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The bivalve Cuneamya from the Late Ordovician of Bohemia

. (2012): Probable ancestral type of actinodont hinge in the Ordovician bivalve Pseudo-cyrtodonta Pfab, 1934. – Bulletin of Geosciences, 87(2): 333–346. https://doi.org/10.3140/bull.geosci.1330 Toni, R. T. (1975): Upper Ordovician bivalves from the Oslo region. – Norsk Geologisk Tidsskrift, 55: 135–156. Tunnicliff, S. P. (1982): A revision of late Ordovician bivalves from Pomeroy, Co. Tyrone, Ireland. – Palaeontology, 25: 43–88. Ulrich, E. O., Scofield, W. H. (1894): The Lower Silurian Lamellibranchiata of Minnesota. – In: Ulrich, E. O., Scofield, W

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Schizocrania (Brachiopoda, Discinoidea): taxonomy, occurrence, ecology and history of the earliest epizoan lingulate brachiopod

References Barrett, S. T. (1878): Descriptions of new species of fossils from the Upper Silurian rocks of Port Jervis, N. Y., with notes on the occurrence of the Coralline Limestone at that locality. – Annals, New York Academy of Sciences 1(4): 121–124. Bassett, M. G. (1986): Brachiopodes inarticules. – In: Racheboeuf, P. R. (ed.), Le Groupe Liévin, Pridoli – Lochkovien de l’Artois (N. France). Biostratigraphie du Paléozoique, 3: 85–97. Bassett, M. G., Popov, L. E., Aldridge R. J., Gabbott, S. E., Theron, J. N. (2009): Brachiopoda from the Soom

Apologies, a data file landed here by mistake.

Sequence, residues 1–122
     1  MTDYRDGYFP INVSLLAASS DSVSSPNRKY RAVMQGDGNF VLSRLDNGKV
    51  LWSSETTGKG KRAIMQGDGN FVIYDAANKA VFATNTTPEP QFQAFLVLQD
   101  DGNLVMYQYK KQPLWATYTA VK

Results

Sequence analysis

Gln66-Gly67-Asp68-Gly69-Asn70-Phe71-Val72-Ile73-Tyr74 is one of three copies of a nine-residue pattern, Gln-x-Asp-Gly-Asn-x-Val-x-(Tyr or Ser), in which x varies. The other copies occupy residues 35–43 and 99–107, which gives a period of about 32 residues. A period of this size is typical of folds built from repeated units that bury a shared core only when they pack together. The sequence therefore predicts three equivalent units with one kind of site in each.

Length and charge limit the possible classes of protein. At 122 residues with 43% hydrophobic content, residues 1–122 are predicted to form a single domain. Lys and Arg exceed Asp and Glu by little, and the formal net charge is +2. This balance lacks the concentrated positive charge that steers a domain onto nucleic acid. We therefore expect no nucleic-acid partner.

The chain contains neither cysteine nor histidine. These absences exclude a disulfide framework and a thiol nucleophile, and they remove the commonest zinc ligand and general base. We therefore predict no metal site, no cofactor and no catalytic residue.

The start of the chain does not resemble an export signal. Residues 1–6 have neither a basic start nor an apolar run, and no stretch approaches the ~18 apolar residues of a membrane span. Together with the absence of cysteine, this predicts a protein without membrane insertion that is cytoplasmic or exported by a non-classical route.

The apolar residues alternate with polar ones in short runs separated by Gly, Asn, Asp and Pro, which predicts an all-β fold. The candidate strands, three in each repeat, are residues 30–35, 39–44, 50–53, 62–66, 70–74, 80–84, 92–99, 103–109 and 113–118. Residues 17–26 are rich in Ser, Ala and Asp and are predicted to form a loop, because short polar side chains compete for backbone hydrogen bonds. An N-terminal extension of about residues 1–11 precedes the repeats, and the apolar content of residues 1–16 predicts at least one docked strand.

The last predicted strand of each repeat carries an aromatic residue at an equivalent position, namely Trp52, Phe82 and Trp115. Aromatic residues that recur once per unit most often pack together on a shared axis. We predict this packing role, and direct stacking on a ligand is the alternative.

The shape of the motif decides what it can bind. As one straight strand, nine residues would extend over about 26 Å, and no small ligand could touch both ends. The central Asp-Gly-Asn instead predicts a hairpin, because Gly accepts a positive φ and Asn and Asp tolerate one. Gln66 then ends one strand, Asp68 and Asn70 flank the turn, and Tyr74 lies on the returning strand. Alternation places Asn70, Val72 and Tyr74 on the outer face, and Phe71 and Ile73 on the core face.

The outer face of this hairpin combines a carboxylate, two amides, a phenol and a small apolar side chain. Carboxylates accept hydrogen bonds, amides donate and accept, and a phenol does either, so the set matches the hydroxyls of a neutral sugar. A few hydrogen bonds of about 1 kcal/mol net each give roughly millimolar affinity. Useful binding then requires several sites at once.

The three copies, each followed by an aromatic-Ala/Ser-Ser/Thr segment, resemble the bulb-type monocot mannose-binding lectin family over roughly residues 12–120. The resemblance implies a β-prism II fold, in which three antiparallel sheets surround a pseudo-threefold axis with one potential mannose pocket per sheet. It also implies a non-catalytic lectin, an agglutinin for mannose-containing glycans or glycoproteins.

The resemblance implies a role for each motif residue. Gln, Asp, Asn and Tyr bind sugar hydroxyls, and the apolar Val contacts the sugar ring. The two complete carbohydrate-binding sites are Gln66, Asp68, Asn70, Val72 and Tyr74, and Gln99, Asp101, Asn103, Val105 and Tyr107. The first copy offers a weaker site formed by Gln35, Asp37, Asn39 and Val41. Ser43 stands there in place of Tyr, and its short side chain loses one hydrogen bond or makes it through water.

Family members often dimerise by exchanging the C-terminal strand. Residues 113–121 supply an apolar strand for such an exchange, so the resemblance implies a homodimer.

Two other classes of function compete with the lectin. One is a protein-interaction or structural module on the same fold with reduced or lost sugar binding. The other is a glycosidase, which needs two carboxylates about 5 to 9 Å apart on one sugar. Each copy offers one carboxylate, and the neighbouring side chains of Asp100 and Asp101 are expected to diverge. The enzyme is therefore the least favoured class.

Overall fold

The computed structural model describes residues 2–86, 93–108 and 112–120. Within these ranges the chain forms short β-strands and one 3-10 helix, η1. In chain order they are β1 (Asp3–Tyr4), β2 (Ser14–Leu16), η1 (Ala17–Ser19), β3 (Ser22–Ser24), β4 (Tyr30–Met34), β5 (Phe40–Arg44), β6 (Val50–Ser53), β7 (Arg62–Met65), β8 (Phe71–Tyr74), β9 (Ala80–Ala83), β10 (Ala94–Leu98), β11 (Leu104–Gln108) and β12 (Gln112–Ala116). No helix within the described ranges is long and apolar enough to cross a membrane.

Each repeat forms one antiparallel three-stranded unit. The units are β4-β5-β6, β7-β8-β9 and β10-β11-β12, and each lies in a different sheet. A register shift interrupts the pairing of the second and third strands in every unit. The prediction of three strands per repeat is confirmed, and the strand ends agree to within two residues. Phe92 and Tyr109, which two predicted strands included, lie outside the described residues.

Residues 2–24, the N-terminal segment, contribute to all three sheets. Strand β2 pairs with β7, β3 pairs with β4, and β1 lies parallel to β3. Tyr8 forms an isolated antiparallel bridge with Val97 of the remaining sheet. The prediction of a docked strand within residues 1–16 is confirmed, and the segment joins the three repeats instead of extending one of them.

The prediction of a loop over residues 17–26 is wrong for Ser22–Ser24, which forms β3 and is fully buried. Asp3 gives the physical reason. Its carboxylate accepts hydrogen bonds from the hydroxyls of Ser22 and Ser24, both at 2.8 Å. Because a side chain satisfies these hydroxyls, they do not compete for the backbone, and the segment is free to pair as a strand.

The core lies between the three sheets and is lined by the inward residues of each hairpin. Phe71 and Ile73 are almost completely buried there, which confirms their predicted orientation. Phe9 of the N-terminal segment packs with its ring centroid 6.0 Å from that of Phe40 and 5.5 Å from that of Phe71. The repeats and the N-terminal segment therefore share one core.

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The Kaali crater field and other geosites of Saaremaa Island (Estonia): the perspectives for a geopark

Kaali impact-site (Holocene, Estonia). Preliminary SEM investigation. Geochemical Journal 38, 211-219. Märss, T., Soesoo, A. & Nestor, H. (Compilers), 2007. Silurian cliffs on Saaremaa Island. Tallinn, MTÜ GEOGuide Baltoscandia, 32 pp. Meri, L., 1976. Hõbevalge [Silver white]. Tallinn, Eesti Raamat, 488 pp. Moora, T., Raukas, A. & Kestlane, Ü, 2008. Kaali meteoriidi peakraatri setetest [On deposits of the Kaali main crater]. [In:] Lang, V. (Ed.): Muinasaja teadus 17. Loodus, inimene ja